Prostate cancer and breast cancer ribbon linked together

What Prostate Cancer Has To Do With Breast Cancer

Last updated: June 2023

A common cause of inherited breast cancer is a change (mutation) in the BRCA genes. Mutations in these genes increase the risk of developing breast cancer. BRCA mutations also increase the risk of other cancers, including prostate cancer. They also increase the risk of more severe forms of prostate cancer.1,2

Because of these increased risks, experts recommend prostate cancer screening in men with BRCA mutations. They also recommend screening for BRCA mutations in some men with prostate cancer. This can help inform doctors on the best possible treatments. Talk to your doctor about your risk for BRCA mutations or prostate cancer.3

What are BRCA genes?

BRCA is the symbol for 2 genes linked to breast cancer. BRCA1 and BRCA2 are genes that cells use to make BRCA1 and BRCA2 proteins. These proteins help repair damaged DNA. When BRCA genes have harmful mutations, these proteins may not work. This can cause cells to grow out of control, leading to cancer.4

You inherit 2 copies of each BRCA gene – 1 from each parent. Inheriting a mutated BRCA gene increases your risk of several cancers. It also increases the risk of developing cancer younger. The most notable risks are for breast and ovarian cancer.4

Most people with BRCA mutations only inherit 1 mutated copy. The other copy is usually a normal BRCA gene. But that normal copy can undergo changes during your life. So you may end up with both copies of a BRCA gene having harmful mutations.4

How do BRCA mutations affect the risk for prostate cancer?

Harmful mutations in BRCA genes increase the risk of prostate cancer. Men with BRCA2 mutations may be twice to 8 times more likely to develop prostate cancer. BRCA2 mutations are also linked to earlier-onset and more severe prostate cancer.5-8

One study screened almost 3,000 men. The men were split into groups based on whether they had a BRCA mutation and – if so – in which gene. The study confirmed the link between BRCA2 mutations and early-onset, severe prostate cancer. Investigators tested participants every year for prostate cancer. After 4 years of screening, the study diagnosed prostate cancer in:5

  • 5.2 percent of men with BRCA2 mutations but only 3.0 percent of men without BRCA2 mutations
  • 3.4 percent of men with BRCA1 mutations but only 2.7 percent of men without BRCA1 mutations

Another study assessed the overall lifetime risk of prostate cancer. It found a lifetime risk of prostate cancer of:9

  • 29 percent for men with BRCA1 mutations
  • 60 percent for men with BRCA2 mutations

How do BRCA mutations affect prostate cancer screening?

If you or a family member has a BRCA mutation, talk to your doctor about prostate cancer screening. In 2021, experts from the National Comprehensive Cancer Network (NCCN) expanded their guidelines for screening in men with BRCA mutations. These guidelines also recommend screening for breast, skin, and other cancers in men.3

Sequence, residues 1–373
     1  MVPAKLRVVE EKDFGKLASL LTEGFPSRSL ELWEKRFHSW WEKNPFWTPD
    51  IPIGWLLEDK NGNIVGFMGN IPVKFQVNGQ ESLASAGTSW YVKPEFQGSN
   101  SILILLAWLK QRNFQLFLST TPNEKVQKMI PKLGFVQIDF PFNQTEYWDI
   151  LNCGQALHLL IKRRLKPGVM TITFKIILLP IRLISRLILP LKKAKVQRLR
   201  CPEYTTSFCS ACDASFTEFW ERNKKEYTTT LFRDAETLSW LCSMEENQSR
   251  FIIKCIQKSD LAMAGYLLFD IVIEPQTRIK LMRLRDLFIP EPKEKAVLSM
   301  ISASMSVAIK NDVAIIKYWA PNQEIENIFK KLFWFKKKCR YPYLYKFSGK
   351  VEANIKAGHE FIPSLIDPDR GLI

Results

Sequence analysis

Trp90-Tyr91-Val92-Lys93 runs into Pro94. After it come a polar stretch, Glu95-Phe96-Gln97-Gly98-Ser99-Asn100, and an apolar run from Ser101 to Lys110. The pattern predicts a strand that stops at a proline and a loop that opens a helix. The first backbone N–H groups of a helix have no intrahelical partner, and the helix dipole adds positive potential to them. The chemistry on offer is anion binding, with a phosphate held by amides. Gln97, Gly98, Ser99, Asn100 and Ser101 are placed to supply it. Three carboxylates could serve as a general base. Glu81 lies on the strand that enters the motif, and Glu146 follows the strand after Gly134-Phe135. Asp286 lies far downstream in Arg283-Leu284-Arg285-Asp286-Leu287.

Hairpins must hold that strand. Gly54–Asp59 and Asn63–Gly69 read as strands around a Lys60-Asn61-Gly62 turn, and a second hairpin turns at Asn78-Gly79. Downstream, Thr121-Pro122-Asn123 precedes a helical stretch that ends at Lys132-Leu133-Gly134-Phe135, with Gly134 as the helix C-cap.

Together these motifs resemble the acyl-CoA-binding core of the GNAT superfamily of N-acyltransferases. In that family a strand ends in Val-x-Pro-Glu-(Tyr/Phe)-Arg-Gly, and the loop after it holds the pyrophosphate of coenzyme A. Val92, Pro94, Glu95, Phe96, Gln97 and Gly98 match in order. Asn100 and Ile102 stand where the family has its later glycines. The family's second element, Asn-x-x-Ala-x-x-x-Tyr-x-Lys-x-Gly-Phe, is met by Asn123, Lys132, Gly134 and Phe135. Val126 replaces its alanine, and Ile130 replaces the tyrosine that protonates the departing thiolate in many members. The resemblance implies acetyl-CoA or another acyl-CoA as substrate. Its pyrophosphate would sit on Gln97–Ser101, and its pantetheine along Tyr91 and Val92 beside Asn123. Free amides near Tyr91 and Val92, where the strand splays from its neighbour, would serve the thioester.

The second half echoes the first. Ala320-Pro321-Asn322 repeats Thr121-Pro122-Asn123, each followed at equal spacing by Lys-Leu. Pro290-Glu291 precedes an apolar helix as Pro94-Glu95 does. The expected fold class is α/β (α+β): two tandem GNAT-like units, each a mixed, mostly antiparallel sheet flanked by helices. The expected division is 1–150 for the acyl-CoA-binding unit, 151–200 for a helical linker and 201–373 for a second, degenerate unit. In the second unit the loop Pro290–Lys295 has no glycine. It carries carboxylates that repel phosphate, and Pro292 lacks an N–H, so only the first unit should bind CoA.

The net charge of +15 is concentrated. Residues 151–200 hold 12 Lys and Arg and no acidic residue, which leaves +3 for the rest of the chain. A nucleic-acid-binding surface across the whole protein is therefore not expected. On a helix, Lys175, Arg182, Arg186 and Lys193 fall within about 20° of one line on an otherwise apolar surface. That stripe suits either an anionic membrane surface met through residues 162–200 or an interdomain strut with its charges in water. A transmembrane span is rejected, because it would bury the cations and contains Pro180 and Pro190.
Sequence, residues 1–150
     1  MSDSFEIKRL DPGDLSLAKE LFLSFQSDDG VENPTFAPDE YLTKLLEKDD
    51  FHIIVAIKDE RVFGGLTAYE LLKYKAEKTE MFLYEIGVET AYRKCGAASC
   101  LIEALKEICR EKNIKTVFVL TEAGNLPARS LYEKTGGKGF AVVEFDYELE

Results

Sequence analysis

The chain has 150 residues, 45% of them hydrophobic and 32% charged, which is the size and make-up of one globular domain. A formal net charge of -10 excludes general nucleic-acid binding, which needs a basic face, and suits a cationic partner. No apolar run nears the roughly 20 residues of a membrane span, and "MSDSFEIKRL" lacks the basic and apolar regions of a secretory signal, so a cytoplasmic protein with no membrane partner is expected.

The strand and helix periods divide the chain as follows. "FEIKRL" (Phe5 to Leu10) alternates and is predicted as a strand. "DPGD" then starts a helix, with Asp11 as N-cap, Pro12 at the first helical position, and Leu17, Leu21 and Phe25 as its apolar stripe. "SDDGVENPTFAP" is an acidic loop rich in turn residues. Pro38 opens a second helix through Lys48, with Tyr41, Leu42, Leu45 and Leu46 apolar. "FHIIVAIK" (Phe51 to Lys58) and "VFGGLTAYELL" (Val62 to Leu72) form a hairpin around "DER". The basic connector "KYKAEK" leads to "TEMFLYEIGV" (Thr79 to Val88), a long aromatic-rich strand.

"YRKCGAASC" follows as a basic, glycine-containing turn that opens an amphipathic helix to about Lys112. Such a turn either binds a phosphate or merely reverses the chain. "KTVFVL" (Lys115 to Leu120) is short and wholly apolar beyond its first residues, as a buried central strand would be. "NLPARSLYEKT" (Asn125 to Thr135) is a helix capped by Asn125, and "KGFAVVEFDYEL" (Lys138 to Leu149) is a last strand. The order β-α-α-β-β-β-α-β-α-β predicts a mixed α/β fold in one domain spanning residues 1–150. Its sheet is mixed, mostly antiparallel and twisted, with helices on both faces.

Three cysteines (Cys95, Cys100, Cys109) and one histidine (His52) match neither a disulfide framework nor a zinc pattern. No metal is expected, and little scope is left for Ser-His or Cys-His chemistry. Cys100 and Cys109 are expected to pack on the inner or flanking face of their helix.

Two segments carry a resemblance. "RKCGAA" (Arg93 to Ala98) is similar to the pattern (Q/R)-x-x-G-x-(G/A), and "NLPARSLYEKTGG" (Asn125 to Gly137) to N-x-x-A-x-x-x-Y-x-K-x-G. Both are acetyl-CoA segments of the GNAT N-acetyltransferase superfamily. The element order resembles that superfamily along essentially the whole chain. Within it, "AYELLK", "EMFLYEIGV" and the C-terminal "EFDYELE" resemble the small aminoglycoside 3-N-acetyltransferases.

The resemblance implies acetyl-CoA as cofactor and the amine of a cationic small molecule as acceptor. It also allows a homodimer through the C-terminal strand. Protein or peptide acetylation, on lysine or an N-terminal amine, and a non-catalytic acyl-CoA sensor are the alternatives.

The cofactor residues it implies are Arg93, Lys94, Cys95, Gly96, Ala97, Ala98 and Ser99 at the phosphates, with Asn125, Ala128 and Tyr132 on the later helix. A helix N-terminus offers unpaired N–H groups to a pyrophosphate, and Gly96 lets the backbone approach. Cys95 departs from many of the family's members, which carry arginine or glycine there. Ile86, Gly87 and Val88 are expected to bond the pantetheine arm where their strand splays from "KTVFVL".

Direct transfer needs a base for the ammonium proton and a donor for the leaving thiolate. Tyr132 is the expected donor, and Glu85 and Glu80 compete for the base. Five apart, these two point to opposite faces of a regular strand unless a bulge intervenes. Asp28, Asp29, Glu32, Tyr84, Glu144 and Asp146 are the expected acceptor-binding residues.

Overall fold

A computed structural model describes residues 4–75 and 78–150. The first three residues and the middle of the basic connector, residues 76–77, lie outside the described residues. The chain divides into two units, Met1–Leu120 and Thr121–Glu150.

The expanded guidelines recommend that men with BRCA mutations have:3

  • Prostate cancer screening starting at age 40
  • Annual breast exams
  • Training in breast self-examination to do regularly starting at age 35
  • Annual full-body skin exams

What are the guidelines for screening for BRCA mutations?

If you are concerned about having a harmful BRCA mutation, talk to your doctor. They may refer you to a genetic counselor to discuss risk factors. Experts recommend testing only for people with a higher risk of BRCA mutations. About 10 percent of men with metastatic prostate cancer have BRCA mutations.10,11

Genetic testing can help doctors know your risk for prostate cancer and possible severity. It can also help them decide on possible treatments. The 2021 NCCN guidelines recommend genetic testing for BRCA mutations in:3

  • People with family members who have BRCA mutations
  • People with metastatic prostate cancer
  • Other people with prostate cancer in certain high-risk groups
  • Certain people with pancreatic, ovarian, or breast cancer
  • People with a family history of cancer

The guidelines note that testing may not be useful for men with localized, low-grade prostate cancer and no family history of cancer. Talk to your doctor about whether testing is useful for you. Ask them what possible test results may mean.3

How do BRCA mutations affect prostate cancer treatment?

Treatment for prostate cancer involves some combination of surgery, radiation, and chemotherapy. Men with BRCA-positive prostate cancer may benefit from specific chemotherapies. These are called “targeted therapies.” They work by targeting the DNA repair problem caused by BRCA mutations.10,12

The US Food and Drug Administration (FDA) has approved 2 drugs for men with BRCA-positive prostate cancer:10,12

Both work by blocking a protein called “poly-ADP ribose polymerase” (PARP). PARP is another protein involved in DNA repair. When PARP is blocked, cancer cells have no way to fix problems in their DNA. This causes cancer cells to die.10,12

Ask your doctor if these treatments are right for you. Talk to your doctor about possible risks, including side effects and developing resistance. Ask them whether benefits outweigh these risks.

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